"Kif Gets Knocked Up a Notch"
is the first episode in season four of Futurama
. It first aired on January 12
is unhappy with her long-distance relationship with Kif
and wants to see him in person again. When the crew is sent to deliver a giant pill to a planet near where Kif is stationed, Amy stows away onboard the Planet Express Ship
. While the crew is asleep, Amy changes course to meet with Kif. When Zapp Brannigan
sees the ship, the Planet Express crew joins him on the Nimbus
. On the Nimbus
, Kif shows Amy the HoloShed
to show her what life would be like with him. In one of the environments, Kif tries to literally pluck the moon from the sky and give it to Amy, but only succeeds in dislodging it before he falls into a lake. Soon, however, the shed malfunctions and the holograms that invade—Attila the Hun
, Professor Moriarty
, Jack the Ripper
, and an evil version of Abraham Lincoln
—become real. When the holograms reach the bridge, Zapp Brannigan threatens them with a laser cannon, despite a rather accurate warning from Attila—"No shoot fire stick in space canoe. Cause explosive decompression
!" Zapp blasts a hole in the ship, which sucks out history's greatest villains. Everyone else on the bridge is also sucked towards the hole, but they manage to survive by hanging on to each others' hands (until the moon from the Holoshed plugs the hole). In sickbay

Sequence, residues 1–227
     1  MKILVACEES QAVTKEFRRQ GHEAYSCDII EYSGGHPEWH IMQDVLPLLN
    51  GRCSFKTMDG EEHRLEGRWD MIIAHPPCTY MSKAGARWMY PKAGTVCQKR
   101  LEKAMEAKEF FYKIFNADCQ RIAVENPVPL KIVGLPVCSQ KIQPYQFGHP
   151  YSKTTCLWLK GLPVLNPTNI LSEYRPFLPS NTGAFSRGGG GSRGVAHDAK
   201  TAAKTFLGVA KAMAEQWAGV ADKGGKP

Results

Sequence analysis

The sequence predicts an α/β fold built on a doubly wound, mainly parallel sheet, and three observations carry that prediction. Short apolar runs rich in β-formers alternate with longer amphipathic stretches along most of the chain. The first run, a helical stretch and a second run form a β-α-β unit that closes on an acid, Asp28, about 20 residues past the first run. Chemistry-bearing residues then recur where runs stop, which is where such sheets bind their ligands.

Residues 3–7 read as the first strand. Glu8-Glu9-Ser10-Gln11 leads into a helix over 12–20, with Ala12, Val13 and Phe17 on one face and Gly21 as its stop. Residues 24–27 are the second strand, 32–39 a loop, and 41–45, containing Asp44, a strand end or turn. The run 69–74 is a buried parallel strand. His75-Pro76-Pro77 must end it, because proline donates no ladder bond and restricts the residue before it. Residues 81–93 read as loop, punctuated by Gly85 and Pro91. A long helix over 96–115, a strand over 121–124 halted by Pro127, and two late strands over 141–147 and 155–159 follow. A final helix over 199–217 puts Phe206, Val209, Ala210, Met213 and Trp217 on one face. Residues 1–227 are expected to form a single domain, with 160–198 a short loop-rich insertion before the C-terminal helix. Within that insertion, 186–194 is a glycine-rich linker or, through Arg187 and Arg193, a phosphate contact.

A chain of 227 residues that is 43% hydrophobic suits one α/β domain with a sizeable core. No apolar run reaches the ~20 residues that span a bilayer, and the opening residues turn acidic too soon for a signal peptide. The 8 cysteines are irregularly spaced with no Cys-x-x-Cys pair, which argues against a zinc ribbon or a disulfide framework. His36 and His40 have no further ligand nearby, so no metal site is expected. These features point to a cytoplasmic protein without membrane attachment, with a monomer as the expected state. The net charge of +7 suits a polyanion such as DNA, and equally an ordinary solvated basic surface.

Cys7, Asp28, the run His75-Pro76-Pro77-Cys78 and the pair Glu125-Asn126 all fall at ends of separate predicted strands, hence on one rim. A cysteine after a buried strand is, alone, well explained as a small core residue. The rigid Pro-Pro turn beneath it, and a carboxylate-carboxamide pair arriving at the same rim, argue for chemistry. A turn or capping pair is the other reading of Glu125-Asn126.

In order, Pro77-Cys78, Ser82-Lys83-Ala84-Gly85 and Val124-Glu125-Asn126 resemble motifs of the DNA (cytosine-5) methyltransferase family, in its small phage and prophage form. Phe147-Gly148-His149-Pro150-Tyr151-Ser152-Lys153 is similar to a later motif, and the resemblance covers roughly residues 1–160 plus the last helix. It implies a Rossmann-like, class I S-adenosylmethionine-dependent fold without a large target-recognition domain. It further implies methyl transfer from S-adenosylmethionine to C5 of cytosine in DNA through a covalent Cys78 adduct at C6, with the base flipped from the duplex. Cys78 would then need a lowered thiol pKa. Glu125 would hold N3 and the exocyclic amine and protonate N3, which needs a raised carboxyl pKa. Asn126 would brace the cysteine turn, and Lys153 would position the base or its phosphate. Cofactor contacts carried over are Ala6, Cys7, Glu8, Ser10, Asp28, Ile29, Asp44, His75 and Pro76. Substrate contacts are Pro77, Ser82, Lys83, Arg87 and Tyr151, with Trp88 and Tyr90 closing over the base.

later, the doctor looks at everyone and deduces that everyone survived despite minor injuries, and also reveals the unlikely news that Kif is pregnant.
It is initially believed that Amy is the mother since Kif's race reproduces through touch, due to the fact that their skin is a semi-permeable membrane. Kif's race is thus able to conceive whenever they are in love through direct physical contact with another being. Fry points out that everyone on the ship's bridge touched Kif and it is unclear who the mother is. Professor Farnsworth uses an invention of his, the Maternifuge, to determine who is the real mother and discovers, through a process of elimination, removing Fry, Zapp Brannigan (much to Kif's relief), Zoidberg (who was sleeping in the machine) and Amy, it is Leela. Amy is instead the "smizmar" (person whose love inspired the conception) of Kif's children, which nevertheless makes her the "real" mother by Kif's species' standards.